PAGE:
Another unsurprising fact is that the prolific Sarah McIntyre has yet another awesome project on the go. This time, it's her contribution to Moose Kid Comics, a high-quality all ages free webcomic that aims to increase the breadth of UK comic publishing. The site was a little slow when I tried it, but hopefully that's down to all the kids reading it!
You may have heard that there's some sort of football thing going on in Brazil? Dave Cousins wisely starts his latest blog post for The Edge by acknowledging: "I like football, but I appreciate it’s not for everyone." You said it Dave, but I enjoyed this post about using sports books to improve literacy despite myself. Dave's list of his top football 11 books for the Guardian is also worth a look.
The timing of this post (after the Carnegie Medal announcement) could have made Space on the Bookshelf's final Carnegie shortlist discussion somewhat moot. But it's a lively read and worth dipping into, especially if the selection of Kevin Brooks' The Bunker Diary proves controversial...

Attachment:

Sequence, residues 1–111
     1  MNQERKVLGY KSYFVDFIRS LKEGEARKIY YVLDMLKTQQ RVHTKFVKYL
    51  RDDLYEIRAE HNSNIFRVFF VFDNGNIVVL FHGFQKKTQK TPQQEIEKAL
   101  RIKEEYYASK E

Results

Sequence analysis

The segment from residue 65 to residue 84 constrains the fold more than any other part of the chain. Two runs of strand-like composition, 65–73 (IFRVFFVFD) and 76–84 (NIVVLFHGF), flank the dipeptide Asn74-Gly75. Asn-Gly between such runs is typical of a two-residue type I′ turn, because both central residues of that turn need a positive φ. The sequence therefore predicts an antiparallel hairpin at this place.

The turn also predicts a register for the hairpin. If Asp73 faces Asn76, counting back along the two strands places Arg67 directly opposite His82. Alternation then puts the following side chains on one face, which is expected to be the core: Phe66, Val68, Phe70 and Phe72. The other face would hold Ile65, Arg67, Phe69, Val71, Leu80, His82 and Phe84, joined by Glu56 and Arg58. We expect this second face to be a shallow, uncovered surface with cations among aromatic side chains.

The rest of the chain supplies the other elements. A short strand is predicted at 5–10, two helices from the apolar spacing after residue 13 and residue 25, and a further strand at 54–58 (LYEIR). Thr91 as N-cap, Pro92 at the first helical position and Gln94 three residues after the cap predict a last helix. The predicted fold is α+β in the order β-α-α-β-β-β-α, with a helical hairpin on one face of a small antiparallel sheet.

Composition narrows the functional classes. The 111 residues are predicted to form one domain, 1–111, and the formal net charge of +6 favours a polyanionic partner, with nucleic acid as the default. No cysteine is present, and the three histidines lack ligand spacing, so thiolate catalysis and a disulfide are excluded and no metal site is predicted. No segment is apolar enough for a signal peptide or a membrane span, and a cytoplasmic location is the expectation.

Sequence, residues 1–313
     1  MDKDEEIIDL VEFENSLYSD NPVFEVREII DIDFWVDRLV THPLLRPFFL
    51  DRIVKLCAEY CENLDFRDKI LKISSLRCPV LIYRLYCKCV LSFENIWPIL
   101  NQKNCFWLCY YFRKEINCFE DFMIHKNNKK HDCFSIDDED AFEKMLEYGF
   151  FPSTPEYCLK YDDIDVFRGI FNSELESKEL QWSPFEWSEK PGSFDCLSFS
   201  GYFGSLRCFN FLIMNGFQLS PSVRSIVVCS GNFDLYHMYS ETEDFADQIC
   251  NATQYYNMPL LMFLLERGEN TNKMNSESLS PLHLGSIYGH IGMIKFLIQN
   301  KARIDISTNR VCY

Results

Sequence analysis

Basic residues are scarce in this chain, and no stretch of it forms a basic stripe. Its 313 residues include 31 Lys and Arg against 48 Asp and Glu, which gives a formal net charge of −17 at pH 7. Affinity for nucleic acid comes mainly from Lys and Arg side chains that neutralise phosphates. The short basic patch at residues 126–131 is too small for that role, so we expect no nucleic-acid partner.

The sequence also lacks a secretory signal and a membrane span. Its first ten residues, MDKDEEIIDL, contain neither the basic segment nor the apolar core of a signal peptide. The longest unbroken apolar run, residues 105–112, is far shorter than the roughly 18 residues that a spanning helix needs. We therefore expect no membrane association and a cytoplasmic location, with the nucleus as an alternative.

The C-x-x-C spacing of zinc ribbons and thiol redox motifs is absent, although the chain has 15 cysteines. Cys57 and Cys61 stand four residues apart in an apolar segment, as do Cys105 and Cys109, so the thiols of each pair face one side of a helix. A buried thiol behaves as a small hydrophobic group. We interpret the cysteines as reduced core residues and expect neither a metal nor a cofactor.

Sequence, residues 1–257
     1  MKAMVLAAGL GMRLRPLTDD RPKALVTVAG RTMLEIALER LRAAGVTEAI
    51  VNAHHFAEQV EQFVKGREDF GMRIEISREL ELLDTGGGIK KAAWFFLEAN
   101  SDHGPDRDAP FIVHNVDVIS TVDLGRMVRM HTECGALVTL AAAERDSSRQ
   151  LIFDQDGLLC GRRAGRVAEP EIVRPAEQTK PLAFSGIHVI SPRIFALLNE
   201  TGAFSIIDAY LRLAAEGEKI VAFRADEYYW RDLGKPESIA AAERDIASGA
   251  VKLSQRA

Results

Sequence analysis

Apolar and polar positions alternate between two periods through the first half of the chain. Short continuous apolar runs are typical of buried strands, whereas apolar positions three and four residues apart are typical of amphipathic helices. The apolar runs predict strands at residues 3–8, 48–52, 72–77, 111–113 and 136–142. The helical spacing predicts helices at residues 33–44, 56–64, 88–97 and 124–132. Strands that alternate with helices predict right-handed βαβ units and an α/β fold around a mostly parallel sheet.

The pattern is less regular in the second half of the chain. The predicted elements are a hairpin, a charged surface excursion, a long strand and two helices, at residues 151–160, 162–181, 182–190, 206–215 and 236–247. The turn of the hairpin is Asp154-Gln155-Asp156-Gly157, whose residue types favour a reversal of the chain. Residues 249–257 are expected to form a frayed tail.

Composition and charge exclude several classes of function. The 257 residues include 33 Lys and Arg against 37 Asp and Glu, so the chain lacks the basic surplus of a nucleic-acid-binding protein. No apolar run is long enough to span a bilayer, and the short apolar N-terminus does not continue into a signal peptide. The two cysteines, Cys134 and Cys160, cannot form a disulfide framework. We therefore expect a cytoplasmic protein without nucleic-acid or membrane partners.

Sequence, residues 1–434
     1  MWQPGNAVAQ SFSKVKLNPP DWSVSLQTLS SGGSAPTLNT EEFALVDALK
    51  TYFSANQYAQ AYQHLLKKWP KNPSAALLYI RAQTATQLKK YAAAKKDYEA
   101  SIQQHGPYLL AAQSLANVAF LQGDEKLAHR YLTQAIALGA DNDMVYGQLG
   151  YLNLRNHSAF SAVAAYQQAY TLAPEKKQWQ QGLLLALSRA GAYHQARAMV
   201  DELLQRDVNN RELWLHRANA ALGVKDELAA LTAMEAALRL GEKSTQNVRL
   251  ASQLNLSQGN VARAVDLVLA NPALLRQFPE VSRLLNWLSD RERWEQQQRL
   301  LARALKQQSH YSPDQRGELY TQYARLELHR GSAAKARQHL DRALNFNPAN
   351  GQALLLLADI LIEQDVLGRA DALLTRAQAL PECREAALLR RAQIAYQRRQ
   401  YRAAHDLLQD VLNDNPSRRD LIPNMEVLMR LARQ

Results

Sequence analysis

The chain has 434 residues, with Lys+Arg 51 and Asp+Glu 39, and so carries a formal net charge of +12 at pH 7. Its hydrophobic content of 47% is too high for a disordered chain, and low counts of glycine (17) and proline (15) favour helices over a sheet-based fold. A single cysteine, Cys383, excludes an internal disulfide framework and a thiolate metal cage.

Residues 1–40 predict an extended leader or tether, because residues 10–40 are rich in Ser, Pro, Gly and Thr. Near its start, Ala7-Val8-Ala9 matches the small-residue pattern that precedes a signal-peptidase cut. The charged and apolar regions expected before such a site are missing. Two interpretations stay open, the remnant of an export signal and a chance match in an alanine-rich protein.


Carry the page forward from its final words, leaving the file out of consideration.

The web is a wonderful tool for making connections across geographical and ideological space, which is demonstrated by John Shelley's excellent interview for The Iranian Research Quarterly of Children and Youth Literature. John's interview is full of great thoughts on the dynamic between writing and illustration, and the importance of strong editorial input.
Finally, Sarah Broadley gives a great report on SCBWI South East Scotland's recent event on Voice and Point of View. The gathering was also an opportunity to celebrate Christina Banach's recent publication and the exhausting achievement that was Sheila Averbuch’s story written with the pupils at Pencaitland Primary School (here are some photos of the latter's launch).
Nick Cross is a former Undiscovered Voices winner who currently writes children's short fiction for Stew Magazine.
Nick's most recent blog post is a fairy tale on the "dangers" of fairy tales: The Improbable Prince.